defense against external invaders.  To build up national strength,
an alarmed and reconstituted Japanese government ordered firearms
to be mass-produced, and instituted a universal draft -- the former
peasant class now had guns.  This shifted the balance of power both
externally (vis-a-vis other nations) and internally (between social classes).

But no society is monolithic, hence opinions were divided.  Some samurai
welcomed these changes, but other samurai objected to the loss of their
privileged status -- they presented a threat to the new political order.

By 1876, Japan's power center had come full circle from the edict of 1588
that had disarmed the threat of the peasant class:  This time, the government
forbade any private citizen (especially samurai) from wearing swords.
Some samurai responded -- with their swords -- in the Satsuma Rebellion.

The outcome was predictable:  Guns prevailed against swords.  Henceforth,
"progress" in Japanese military technology would be measured by its success
against external nations, not by how it shaped the internal character,
values, and social structures of those wielding the technology.

(One wonders whether the old ethic of the sword might have prevented
the 1937-1938 Rape of Nanjing, in which Japanese troops gang-raped,
then killed more than 20,000 women -- ranging in age from 7 to over 70.
Japanese depravity was so atrocious that even the German leader
of Nanjing's Nazi party tried to stop the 2-month horror.)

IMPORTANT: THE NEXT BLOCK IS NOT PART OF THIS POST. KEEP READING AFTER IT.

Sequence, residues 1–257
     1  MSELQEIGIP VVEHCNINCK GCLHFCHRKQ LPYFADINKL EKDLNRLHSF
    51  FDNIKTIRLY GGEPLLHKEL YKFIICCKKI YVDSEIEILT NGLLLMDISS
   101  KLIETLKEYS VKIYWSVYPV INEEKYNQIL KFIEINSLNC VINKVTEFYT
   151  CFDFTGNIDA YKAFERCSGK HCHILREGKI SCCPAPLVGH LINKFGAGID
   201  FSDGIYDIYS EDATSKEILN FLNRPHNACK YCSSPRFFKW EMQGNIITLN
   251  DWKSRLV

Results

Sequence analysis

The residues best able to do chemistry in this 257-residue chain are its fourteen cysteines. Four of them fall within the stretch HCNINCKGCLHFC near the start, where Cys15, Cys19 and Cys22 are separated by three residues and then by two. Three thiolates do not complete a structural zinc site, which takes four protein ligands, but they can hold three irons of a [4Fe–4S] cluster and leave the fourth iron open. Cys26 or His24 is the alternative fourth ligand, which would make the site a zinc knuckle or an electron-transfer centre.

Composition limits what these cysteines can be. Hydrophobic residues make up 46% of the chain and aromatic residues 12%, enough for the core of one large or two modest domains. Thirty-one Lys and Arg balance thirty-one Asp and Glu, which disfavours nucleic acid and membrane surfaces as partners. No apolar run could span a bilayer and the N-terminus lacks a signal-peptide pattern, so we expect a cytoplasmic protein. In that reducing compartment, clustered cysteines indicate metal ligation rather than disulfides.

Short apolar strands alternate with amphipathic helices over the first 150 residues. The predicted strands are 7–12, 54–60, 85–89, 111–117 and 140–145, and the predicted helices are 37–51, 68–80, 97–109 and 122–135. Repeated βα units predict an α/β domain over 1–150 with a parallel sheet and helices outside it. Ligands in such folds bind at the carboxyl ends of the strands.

Ethical Epilogue:

Many ethical frameworks help explain Japan's decision to reject the gun:
The *Consequences* of uncontrolled gun use for Samurai values had
become apparent.  To use guns in battle meant a loss of *Kantian*
integrity and respect for any samurai who lived by the gun, and a
disrespectful death for those who died by the gun.  *Virtue ethics*
also apply to the courage and skills involved in living by the sword
rather than the gun (since our character is shaped by the tools we use ...
and by the tools that use us).  And *Social Contract* ethics provide
an escape from what otherwise would be a Prisoners' Dilemma regarding
which opposing samurai army should give up the gun first.

In viewing the profound transformation of Japan's class hierarchy from
the peasant disarmament of 1588 to the samurai sword disarmament of 1876,
it might be tempting to argue that firearms technology serves as the
"great equalizer"; that "the right to bear arms is the right to be free".
Indeed, Japan's peasants had been severely repressed:  up to two-thirds
of their crops were confiscated as taxes by the upper classes, and unlike
the samurai, lowly peasants did not even have surnames.  

But in Germany between 1618 and 1648, similar firearms technology served to
"free" approximately 7.5 million people to enjoy the "equal rite" of death.

Moreover, back in Japan, widespread adoption of the gun did not so much
equalize power relations as it did shift them from the military to the
economic realm:  The samurai's wealth was threatened mostly by inflation,
whereas taxes on farmers remained extremely high to pay for the re-armament
program.  It is unclear that the status of women improved significantly
in practice, despite changes in law.

Note that if taken to its logical conclusion, the techno-equalization argument
would justify equal access by North Korea and Al Qaeda to nuclear arms in 2004.

Question for thought:  Since the varying outcomes of Japan and Europe
demonstrate that the notion of Technological Determinism is flawed,
yet the notion of technology as Value-Neutral is also discredited,
do any simplistic theories remain to explain interactions between
society and technology?  If not, perhaps a more complex and nuanced
theory is appropriate!

	"Giving Up the Gun: Japan's Reversion to the Sword, 1543-1879"
	 -- Noel Perrin.  (1979, David R. Godine).